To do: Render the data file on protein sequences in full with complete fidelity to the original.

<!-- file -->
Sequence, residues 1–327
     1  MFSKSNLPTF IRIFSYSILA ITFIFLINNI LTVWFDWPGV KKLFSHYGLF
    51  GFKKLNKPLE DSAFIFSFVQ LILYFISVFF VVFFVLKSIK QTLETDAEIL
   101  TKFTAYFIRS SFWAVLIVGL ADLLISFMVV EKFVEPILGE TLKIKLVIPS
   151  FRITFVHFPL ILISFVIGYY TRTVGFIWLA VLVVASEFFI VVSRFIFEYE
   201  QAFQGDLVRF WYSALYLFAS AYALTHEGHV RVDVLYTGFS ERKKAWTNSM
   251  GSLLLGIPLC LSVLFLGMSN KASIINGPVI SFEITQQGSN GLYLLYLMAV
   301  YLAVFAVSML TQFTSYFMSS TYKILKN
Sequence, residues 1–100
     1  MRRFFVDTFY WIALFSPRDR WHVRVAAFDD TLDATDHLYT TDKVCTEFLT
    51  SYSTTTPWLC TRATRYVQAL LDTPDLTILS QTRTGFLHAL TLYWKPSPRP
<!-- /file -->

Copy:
Sequence, residues 1–327
     1  MFSKSNLPTF IRIFSYSILA ITFIFLINNI LTVWFDWPGV KKLFSHYGLF
    51  GFKKLNKPLE DSAFIFSFVQ LILYFISVFF VVFFVLKSIK QTLETDAEIL
   101  TKFTAYFIRS SFWAVLIVGL ADLLISFMVV EKFVEPILGE TLKIKLVIPS
   151  FRITFVHFPL ILISFVIGYY TRTVGFIWLA VLVVASEFFI VVSRFIFEYE
   201  QAFQGDLVRF WYSALYLFAS AYALTHEGHV RVDVLYTGFS ERKKAWTNSM
   251  GSLLLGIPLC LSVLFLGMSN KASIINGPVI SFEITQQGSN GLYLLYLMAV
   301  YLAVFAVSML TQFTSYFMSS TYKILKN
Sequence, residues 1–100
     1  MRRFFVDTFY WIALFSPRDR WHVRVAAFDD TLDATDHLYT TDKVCTEFLT
    51  SYSTTTPWLC TRATRYVQAL LDTPDLTILS QTRTGFLHAL TLYWKPSPRP